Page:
with a contract are direct costs of the contract and need to be charged directly tothe contract. Contractors need to spend some time and effort identifying exactlywhich costs are direct, because what remains is, by default, indirect.Certain costs are unallowable and must be separated in an accounting system.These costs include such things as alcohol, entertainment, interest expense, baddebts, advertising, lobbying costs, patent expenses, and more. Obviously, it isimportant to check to see if any of your costs fall under this category.ConsistencyThe government has no desire to pay for other commercial contract costs inaddition to their own costs. To that end, no final cost objective can have a directcost allocated to it if other costs were incurred for the same purpose in likecircumstances. No direct costs can be included in any indirect cost pool or beallocated to that or any other final cost objective. For example, if a commercialcontract has overrun costs, they cannot be charged to the indirect pool because thegovernment would then pay for a portion of what should have been a direct cost ofthe commercial contract.You may not have two sets of books and/or accounting practices for yourgovernment business and your commercial business. If you have a governmentcontract, then your entire system across your company must use the sameprocesses. If, for instance, you have a single government contract then your entirebusiness must use an approved timekeeping system that every employee usesconsistently, even if the majority of employees do not work on the contract. Thisregulation is in place because every business has overhead expenses, and becausethe government will pick up its share of the overhead, the entire organization mustbe compliant.Indirect RatesIndirect costs must be classified and grouped together into indirect cost pools:either an overhead cost pool or the general and administrative (G&A) cost pool.The pools are then allocated to final cost objectives using an indirect costallocation base that best links the cost pool to the cost objectives.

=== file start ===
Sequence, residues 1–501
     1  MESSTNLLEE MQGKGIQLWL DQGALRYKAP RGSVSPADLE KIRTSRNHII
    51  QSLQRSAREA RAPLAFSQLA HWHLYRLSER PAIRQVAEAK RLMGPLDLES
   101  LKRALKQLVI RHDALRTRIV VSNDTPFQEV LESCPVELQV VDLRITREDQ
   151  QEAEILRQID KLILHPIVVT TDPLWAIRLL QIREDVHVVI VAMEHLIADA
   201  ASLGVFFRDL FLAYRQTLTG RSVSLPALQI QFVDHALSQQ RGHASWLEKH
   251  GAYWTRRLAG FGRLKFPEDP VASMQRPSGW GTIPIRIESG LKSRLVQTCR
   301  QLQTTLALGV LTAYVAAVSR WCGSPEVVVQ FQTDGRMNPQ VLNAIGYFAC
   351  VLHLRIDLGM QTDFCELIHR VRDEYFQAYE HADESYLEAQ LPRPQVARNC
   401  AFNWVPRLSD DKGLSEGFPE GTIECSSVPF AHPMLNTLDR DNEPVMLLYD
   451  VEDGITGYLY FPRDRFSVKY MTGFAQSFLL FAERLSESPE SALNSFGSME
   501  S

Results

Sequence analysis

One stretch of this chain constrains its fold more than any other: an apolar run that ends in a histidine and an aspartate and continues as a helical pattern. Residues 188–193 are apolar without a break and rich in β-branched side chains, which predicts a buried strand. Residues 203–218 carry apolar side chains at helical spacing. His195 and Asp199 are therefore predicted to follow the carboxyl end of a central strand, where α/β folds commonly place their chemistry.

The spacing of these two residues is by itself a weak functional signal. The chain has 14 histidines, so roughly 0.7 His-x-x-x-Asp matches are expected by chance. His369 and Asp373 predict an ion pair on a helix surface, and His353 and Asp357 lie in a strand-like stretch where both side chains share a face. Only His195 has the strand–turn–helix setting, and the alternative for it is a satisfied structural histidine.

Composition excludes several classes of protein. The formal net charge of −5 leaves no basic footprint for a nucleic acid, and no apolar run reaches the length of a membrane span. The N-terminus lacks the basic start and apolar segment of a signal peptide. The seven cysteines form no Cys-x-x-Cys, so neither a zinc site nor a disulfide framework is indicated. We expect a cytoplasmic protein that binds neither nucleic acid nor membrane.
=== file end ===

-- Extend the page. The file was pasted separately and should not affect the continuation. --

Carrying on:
To allocate means to distribute overhead pool costs to contracts. In order todistribute indirect costs, the contractor must select an allocation base. There mustbe a relationship between the selected allocation base and the pool of costs to beallocated to contracts. For example, an engineering overhead pool would logicallybe allocated over total engineering direct labor dollars or engineering direct laborhours.Accounting Systems RequirementsNow that you know some of the criteria and terminology for governmentcontracting accountability, let’s take a look at how to configure your existingQuickBooks accounting system for compliance. Numerous other companies haveused QuickBooks to pass DCAA audits and continue to use it even as they havegrown.Project AccountingYou must set up your system for Project Accounting, which QuickBooks providesfor. All final cost objectives, or contracts, must be tracked on a per-project basis.Any direct cost transactions will require entering a general ledger account(separating direct costs from indirect) plus a customer job. QuickBooks will beable to track customer jobs, tasks, sub-tasks, etc. to whatever level is necessary.Chart of AccountsYou will need to revamp your Chart of Accounts. There will be two major expensecomponents: Direct and Indirect. Direct Costs are generally further broken downfor Direct Labor, Direct Subcontracts, Direct Travel, Direct Materials, and OtherDirect Costs. Indirect Costs are broken into logical categories that will supportyour indirect rate calculations. It is imperative that you have a separate series ofaccounts for all Unallowable Costs. Each type of unallowable cost should have itsown general ledger account.The indirect cost accounts must then be broken into pools, such as Fringe BenefitPool, Overhead Pool, and G&A Pool. Under each pool, there are separate accountsthat further logically group expenses into categories like Facility Costs, EquipmentCosts, etc. Within each of those categories, specific accounts should be set up forthings like Rent, Utilities, Property Taxes, etc.
Timekeeping and Labor DistributionHere is where specific DCAA approval is extremely important. While the DCAAdoesn’t require any particular software, it does have certain criteria that atimekeeping system must meet in order to be DCAA compliant. BecauseQuickBooks doesn’t offer a built-in, compliant time-tracking system, it isnecessary to use an external system that integrates well with QuickBooks and hasall controls required for DCAA approval.Following are the requirements for a DCAA-compliant timekeeping system. Keepin mind, the employee must input his or her own time. Managers cannot fill out orchange an employee timesheet. Employees must: Record time on a daily basis Provide, in writing, an explanation for any change to a prior day’s time records and approve those changes Enter the correct distribution of time by project numbers, contract number or name, or other identifiers for a particular assignment. To ensure accuracy, a listing of project numbers and their descriptions should be made in writing to the employee Record all hours worked, paid or unpaid Sign the timecard at the end of each work period and have the supervisor approve the time.It is important, particularly when evaluating third-party timekeeping solutions, tomake sure that all of these systems are in place, and preferably automated. Usuallyit is best to give the vendor a call and have them talk you through each of thesesteps personally. The best vendors will be happy to give you a live demo andanswer any questions you may have.For more information visit: http://budurl.com/xabg